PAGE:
ARGOGAST SMITH–plainclothes patrolman. In responsibility he found anodyne–and the testing of his strength

HERBERT Q. LUMINOUS–bookkeeper on the run. What happened to him was almost a cliché. 

CAROLINA WEISS–onetime Russian countess now A & E mechanic. In the arms of another man she sought forgetfulness.

GENERAL RAMON SAN MARTINEZ TORTILLA–deposed dictator. What was it he wanted to get off his chest?

FINGERS FOGELHEIMER–mobster. Out of the thrilling days of yesteryear, he returns for vengeance. 

LANCE CAVENDISH–Black. With him and thirty-five cents you can take the subway.

They are clichés. They do cliché things. Westlake runs them through their paces in chapters following the hours of the day, from 6 AM through early evening, in prose ever-so-slightly overheated and just that bit dumb-bestseller flatfooted. It is all very silly, and I found it laugh-out-loud funny multiple times.

Now, I've been to the Bryant Park Comfort Station, though, so maybe it's just that I know the territory and am simpatico to Westlake's aims. (Though the BPCS I've utilized is not the same one Westlake rhapsodizes about here - the one in the novel closed down before I was born and the current one was built twenty years later.) If you have no personal knowledge of Bryant Park, this may perhaps be less funny, in some odd way.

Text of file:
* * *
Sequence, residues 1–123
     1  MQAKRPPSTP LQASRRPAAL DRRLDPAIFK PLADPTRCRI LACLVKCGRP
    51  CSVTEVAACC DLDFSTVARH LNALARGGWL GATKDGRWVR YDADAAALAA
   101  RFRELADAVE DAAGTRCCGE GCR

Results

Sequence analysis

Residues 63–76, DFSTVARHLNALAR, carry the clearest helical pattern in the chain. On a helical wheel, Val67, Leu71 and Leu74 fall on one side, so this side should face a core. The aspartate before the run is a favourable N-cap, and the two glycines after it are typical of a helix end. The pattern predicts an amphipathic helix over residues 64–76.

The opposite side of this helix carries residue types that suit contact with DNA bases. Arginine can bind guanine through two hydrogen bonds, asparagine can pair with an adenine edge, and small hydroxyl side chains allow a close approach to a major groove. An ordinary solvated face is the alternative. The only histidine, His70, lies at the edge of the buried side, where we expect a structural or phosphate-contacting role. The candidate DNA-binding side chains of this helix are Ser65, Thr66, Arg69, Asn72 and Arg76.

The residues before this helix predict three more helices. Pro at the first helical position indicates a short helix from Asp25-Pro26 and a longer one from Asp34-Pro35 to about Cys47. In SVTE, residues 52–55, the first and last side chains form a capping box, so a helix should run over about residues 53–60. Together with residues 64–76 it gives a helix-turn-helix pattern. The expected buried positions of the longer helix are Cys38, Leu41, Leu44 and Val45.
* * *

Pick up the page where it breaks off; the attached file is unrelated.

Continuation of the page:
I do have one complaint: the cover. It is important to the novel, and part of the actual truth of the real world that tedious bestsellers like this spend a lot of time emphasizing, that the Comfort Station for men is the locus of this action, and a similar venue for women is on the other side of the park and forms no part of our mise en scene. So the image chosen for this recent reissue seems OK, but is deeply wrong. Oh, well.

This is a deeply silly book, conceived and created entirely as a piss-take, and I use that term very deliberately. Westlake was an expert funny writer, and he gives us some of his best stuff here. Comfort Station is hugely of its time and place, a goofy soufflé made for a specific, really pointless purpose. But that's just fine as long as it's still funny: and it is.

Monday, July 19, 2021

Reading Into the Past: Week of 7/19/05

No new books, so let the winds of randomness waft us back to 2005. Here's what I was reading that week:

Kage Baker, Mother Aegypt (7/14)